Climate symposium addresses local and international policies in climate change
About 70 people gathered Wednesday night in North Quad Residence Hall for the 2017 Climate Blue Spring Symposium, titled "With or Without US?" The symposium included a presentation of students' findings from the 22nd Conference of Parties, hosted by the United Nations Framework Convention on Climate Change in Marrakech, Morocco, as well as an expert panel of environmental scientists and policymakers.
Climate Blue is a group comprising University students and faculty, businesspeople, non-governmental professionals and public servants representing the University’s delegation to the Conference of Parties.
Acknowledging the Trump administration's failure to address climate change, many speakers at the event stressed the importance of strengthening local, state and international policy.
Ed Waisanen, a graduate student in the School of Natural Resources and Environment, took part in this year's delegation, and pointed out that though the United States is an important actor in the fight against climate change, it is not the only one.
"Climate resilience has really become a part of international development efforts," he said. "Even if the U.S. isn't interested in that, it'll still continue to be the case internationally."
Public Policy senior Connor Rubin, a member of the delegation and a moderator for the event, said in addition to being a regional issue, climate change also cuts along generational lines. The Divest and Invest Campaign, which encourages cutting business ties with organizations that are heavy polluters, is one place he said this was apparent in. In 2015, Central Student Government and senate faculty passed resolutions encouraging the University to divest from fossil fuels.
"The divest movement is alive and well in the United States," he said. "It certainly got a lot of attention at COP, but a lot less from older generations."
Following the delegates' presentation, the panel of environmental scientists and policymakers discussed the future of climate policy on the state and local levels. State Rep. Yousef Rabhi (D–Ann Arbor) considered the issue of being a Democratic politician in a majority-Republican state, saying that compromise was possible and necessary.
"Two months ago, I went to the Sportsmen's Caucus meeting," he said. "These are men and women who enjoy hunting and fishing; I've never touched a gun. I wanted to reach out to this group of people to understand what their top issues were, and even though we disagreed on some very fundamental issues, I found that there were a lot of issues we agreed on. They are strong conservationists. They want biodiversity because they want to hunt that biodiversity; I want it because I think it's inherently right. So while we might have slightly different end goals, we essentially want the same thing."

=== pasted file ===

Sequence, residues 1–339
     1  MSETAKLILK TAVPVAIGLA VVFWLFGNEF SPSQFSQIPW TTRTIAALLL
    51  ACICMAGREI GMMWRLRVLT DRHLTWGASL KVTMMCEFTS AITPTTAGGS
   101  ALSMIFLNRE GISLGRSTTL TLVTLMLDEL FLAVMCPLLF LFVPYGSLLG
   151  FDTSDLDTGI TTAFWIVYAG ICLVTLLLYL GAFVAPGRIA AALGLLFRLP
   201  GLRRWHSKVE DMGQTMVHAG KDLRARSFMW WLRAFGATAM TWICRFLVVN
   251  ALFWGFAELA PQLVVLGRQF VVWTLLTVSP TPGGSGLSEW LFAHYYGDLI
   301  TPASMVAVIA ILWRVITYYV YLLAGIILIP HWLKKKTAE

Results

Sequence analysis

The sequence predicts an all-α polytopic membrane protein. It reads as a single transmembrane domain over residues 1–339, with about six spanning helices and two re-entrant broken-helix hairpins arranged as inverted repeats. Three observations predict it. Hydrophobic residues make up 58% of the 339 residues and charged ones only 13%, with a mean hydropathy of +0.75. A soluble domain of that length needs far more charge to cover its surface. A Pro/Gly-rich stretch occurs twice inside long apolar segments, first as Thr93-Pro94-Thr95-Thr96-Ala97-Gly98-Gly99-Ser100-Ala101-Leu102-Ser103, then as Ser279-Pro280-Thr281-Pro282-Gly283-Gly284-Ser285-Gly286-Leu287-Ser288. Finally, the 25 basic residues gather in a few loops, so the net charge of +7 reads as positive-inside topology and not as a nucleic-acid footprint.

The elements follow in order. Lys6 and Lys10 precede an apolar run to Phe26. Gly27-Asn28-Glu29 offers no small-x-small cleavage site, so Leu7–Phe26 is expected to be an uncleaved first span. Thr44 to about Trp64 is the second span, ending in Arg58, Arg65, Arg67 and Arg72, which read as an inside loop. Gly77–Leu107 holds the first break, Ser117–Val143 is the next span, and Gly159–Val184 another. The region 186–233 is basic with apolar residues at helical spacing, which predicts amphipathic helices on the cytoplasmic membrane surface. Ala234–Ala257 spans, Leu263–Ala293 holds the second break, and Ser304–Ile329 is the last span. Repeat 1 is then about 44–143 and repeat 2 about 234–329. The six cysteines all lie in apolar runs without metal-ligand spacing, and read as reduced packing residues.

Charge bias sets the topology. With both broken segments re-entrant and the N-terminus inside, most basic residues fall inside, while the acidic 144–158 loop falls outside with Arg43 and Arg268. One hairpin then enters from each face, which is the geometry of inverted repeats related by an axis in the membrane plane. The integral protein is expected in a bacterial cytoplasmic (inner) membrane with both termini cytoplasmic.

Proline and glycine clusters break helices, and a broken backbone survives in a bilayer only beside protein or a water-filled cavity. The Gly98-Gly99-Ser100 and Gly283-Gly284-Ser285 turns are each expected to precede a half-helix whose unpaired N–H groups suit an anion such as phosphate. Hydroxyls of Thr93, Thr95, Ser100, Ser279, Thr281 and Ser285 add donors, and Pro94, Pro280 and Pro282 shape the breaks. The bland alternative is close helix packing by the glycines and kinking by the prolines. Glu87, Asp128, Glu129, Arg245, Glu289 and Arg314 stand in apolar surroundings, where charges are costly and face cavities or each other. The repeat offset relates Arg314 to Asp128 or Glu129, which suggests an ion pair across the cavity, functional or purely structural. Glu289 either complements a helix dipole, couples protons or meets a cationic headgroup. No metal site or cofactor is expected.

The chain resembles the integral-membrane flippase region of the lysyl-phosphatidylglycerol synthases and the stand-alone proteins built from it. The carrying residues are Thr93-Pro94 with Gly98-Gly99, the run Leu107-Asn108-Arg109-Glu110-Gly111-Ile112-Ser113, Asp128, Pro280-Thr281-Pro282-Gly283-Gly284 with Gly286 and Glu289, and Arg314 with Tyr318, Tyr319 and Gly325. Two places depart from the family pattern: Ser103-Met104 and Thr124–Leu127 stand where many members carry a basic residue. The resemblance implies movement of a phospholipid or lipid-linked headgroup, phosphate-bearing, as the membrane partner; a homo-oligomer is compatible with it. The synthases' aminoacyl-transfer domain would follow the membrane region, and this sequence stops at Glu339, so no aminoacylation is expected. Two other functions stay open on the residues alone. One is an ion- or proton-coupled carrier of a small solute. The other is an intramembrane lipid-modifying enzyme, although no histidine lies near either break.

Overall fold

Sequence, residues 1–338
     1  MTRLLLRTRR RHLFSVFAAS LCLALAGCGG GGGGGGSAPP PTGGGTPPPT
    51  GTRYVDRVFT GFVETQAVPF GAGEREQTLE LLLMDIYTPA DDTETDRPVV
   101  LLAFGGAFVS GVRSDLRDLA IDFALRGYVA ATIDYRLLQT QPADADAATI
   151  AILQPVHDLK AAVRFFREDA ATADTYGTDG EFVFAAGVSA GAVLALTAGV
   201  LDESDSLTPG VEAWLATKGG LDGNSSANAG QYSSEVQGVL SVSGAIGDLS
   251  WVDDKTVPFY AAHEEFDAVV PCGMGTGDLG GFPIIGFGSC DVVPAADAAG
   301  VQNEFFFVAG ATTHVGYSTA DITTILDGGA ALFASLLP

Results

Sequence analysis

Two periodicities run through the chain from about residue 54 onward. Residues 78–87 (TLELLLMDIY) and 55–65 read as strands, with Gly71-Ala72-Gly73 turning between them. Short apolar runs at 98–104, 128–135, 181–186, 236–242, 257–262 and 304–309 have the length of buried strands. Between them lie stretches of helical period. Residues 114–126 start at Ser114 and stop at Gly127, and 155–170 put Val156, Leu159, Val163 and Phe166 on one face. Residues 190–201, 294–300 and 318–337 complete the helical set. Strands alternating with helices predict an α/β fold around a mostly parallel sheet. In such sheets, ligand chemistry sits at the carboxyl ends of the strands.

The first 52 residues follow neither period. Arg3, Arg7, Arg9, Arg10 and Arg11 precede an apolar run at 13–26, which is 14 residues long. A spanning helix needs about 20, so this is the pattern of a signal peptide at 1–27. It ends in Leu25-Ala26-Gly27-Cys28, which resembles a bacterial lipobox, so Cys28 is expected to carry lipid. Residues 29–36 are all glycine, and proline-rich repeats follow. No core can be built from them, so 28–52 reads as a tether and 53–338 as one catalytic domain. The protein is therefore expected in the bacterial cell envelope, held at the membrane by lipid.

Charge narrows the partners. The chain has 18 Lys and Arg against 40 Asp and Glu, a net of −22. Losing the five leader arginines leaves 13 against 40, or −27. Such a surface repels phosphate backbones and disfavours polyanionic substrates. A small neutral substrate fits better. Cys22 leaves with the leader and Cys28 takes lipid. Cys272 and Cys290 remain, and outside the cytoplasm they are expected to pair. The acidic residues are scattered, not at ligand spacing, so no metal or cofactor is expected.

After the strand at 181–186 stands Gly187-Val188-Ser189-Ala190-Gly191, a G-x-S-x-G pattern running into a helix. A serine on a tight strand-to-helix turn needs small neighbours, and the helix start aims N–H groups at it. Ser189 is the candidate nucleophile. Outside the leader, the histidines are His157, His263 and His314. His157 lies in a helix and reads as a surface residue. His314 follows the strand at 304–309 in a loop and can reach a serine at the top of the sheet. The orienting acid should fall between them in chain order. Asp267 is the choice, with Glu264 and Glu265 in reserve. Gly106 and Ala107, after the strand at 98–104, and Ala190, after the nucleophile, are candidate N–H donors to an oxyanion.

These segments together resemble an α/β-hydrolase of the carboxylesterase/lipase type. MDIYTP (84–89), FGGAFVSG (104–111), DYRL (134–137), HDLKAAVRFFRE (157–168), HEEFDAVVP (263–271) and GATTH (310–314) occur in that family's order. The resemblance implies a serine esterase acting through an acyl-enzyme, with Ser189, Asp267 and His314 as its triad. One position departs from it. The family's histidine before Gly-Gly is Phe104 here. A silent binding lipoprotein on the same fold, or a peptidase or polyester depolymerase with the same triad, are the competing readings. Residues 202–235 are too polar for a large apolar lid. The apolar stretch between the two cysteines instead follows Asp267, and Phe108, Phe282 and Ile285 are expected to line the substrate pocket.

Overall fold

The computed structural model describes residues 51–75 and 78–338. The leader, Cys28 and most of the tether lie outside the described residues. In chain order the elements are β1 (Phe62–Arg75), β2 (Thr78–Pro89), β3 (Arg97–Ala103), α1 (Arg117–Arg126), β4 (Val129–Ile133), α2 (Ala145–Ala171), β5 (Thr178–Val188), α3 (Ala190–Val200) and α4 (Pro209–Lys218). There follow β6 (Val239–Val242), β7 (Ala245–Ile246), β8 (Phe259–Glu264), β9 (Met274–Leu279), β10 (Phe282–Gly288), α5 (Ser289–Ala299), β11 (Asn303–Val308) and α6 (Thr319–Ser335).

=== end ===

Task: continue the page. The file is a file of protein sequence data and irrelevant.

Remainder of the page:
Several members of the panel expressed the sentiment that states and cities would now pick up the slack left by the federal government on climate change. Missy Stults, a research fellow at the Graham Sustainability Institute, pointed out, however, that the absence of the federal government makes lower jurisdictions’ responsibilities more difficult to carry out.
"Cities have been leaders in climate action in our nation, long before Obama took office," she said. "We know that's true, in large part because the effects of climate change are felt mostly at the local level. Regardless if you're a Republican or Democrat, a disaster is a disaster. That said, after the election we took a little step back –– there is no federal money for climate programs anymore."
Mark Barteau, the director of the University Energy Institute, said that while there are ways that smaller locales could lead on climate change, they are often held back by larger institutions.
"You promise not to tweet this?" he said to laughter from the audience. "I have the dubious honor of holding the DTE energy chair. We are reliant on DTE. Their energy supply is generated 75 percent from coal. Ann Arbor has similar issues. What's limiting both of them is the limitation of energy choice in state legislation. As they replace coal plants, our carbon footprint will go down, because our purchased electricity will go down. But we can't cut that because of state law."
In his closing remarks, Rabhi emphasized the importance of coalition building in fighting climate change, saying the economic issues raised by addressing climate change can't be ignored.
"I don't think we will be able to make meaningful progress until we find work for coal miners in West Virginia, autoworkers in Detroit," he said. "We can't make progress if we don't get out and support those workers. And that's not only providing them an economic future, but being there for them when they need us, and letting them know that the environmental community is with them."